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Journey bust up results in $10 million lawsuit

By | Published on Thursday 5 March 2020


A bust up between members of the most recent incarnation of Journey has resulted in two members being kicked out of the group and a $10 million lawsuit.

The dispute sees bassist Ross Valory and drummer Steve Smith on one side, and guitarist Neal Schon and keyboardist Jonathan Cain on the other. Both Valory and Schon were original members of the band, and all four were part of the line-up for the outfit’s biggest record of them all, 1981’s ‘Escape’, which featured their best known song ‘Don’t Stop Believin’.

In a lawsuit filed in the Californian courts, Schon and Cain accuse Valory and Smith of trying to sneakily grab control of the band’s company Nightmare Productions. The latter pair, the former allege, orchestrated a board meeting of said company in February designed to oust Schon and Cain as company secretary and company president respectively, and to add Valory and Smith’s allies as new directors of the entity’s board.

The takeover, the lawsuit alleges, was all part of a plan by Valory and Smith to take control of the Journey trademark. They wanted that control, Schon and Cain allege, because they have plans to step down from actively touring with the group. If they were in control of the band’s brand, they could force their other bandmates to continue giving them a share of touring income even if they weren’t actively involved in future shows.

However, say Schon and Cain, not only was the attempted boardroom coup “malicious”, it was also “very ill-conceived”. Why? Because, they claim, Nightmare Productions doesn’t even own the Journey trademarks. The marks belong to a separate entity called Elmo Partners which is controlled by, you guessed it, Schon and Cain.

Elsewhere, the lawsuit bigs up Schon and Cain as being the core of the Journey enterprise. Alongside former frontman Steve Perry, the legal papers say, Schon and Cain “were responsible for the band’s rise to prominence in the 1980s”. To this day, the two men claim, they are “the key members of Journey, the songwriters and the vital core of the band”.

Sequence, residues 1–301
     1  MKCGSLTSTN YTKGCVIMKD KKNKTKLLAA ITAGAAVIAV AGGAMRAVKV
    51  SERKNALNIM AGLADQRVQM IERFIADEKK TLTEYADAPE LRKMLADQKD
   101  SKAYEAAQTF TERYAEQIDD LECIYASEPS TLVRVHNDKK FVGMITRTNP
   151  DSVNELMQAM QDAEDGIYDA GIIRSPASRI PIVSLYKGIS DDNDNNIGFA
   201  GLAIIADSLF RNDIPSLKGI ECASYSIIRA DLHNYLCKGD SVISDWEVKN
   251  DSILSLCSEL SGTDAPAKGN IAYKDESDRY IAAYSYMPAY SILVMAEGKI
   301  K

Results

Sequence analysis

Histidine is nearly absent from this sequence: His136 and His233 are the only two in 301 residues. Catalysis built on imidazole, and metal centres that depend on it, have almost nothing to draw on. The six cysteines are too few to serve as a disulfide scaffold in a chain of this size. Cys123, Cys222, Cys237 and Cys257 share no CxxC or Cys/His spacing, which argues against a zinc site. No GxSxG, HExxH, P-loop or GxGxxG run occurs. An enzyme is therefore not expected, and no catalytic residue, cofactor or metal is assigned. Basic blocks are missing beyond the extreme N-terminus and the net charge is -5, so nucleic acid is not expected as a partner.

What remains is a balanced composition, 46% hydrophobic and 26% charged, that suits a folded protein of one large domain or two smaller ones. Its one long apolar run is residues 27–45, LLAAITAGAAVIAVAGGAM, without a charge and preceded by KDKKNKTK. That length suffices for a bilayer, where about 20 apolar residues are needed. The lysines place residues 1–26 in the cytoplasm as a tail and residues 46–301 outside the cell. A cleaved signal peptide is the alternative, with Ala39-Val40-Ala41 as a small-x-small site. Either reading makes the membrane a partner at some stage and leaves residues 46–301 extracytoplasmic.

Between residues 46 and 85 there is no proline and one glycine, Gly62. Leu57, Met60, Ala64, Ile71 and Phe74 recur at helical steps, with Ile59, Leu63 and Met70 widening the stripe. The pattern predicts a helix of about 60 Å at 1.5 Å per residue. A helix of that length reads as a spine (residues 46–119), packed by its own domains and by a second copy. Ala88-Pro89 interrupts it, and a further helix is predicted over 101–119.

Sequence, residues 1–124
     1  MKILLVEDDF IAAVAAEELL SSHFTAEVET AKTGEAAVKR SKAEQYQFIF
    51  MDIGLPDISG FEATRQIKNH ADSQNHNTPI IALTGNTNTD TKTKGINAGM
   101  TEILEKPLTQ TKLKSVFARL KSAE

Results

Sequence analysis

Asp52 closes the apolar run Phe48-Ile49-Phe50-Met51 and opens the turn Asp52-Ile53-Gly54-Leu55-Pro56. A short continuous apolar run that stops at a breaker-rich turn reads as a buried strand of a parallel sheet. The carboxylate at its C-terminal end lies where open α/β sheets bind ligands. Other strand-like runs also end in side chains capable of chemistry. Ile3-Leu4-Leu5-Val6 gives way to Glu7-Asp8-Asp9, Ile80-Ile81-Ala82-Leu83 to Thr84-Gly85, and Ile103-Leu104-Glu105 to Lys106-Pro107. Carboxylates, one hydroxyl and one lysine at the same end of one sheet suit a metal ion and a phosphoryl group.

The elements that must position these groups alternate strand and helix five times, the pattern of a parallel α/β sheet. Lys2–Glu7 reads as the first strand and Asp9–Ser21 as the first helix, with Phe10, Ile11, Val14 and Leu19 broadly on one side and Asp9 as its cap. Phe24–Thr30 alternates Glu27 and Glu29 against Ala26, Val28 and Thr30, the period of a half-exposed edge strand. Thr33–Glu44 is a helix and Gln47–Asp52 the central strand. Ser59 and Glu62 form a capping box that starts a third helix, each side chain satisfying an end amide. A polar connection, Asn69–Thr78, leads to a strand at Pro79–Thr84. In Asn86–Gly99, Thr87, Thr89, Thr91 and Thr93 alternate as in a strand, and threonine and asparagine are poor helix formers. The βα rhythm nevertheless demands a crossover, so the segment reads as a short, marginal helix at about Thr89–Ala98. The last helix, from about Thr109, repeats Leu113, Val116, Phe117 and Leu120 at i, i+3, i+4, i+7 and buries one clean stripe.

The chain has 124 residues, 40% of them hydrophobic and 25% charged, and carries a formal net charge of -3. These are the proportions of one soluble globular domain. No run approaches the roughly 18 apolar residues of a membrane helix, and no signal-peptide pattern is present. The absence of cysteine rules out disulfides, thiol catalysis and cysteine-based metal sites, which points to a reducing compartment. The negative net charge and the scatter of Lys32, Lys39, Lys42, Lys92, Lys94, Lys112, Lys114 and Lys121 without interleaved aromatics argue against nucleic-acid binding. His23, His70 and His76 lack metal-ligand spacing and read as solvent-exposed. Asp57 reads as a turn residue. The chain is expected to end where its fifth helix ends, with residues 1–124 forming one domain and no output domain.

It also notes that, while Valory was a founder member, and Smith was also on board during the 1980s hits era, both have not been consistent members of the outfit throughout. Not least because they were both fired ahead of the recording of 1986 album ‘Raised On Radio’. They then returned nearly a decade later for a big band reunion in 1995.

But now they are out again. “Given Smith and Valory’s greed, self-dealing and breaches of their fiduciary obligations”, the lawsuit states, “Cain and Schon expelled Smith and Valory from Journey. On 3 Mar 2020, Cain and Schon provided written notice that Smith and Valory were no longer part of Journey and would no longer perform or tour with the band”.

As for what Cain and Schon want from their litigation, well, first of all, they want court confirmation that their Elmo Partners company controls the band’s trademarks and that the decisions made at the February board meeting of Nightmare Productions were invalid.

And, of course, they’d also like some lovely damages from their former bandmates. “Compensatory damages in excess of $10 million” for starters, and some “punitive damages” on top. Which sounds somewhat optimistic. But, I guess, anything is possible, and – whatever you do – don’t stop believin.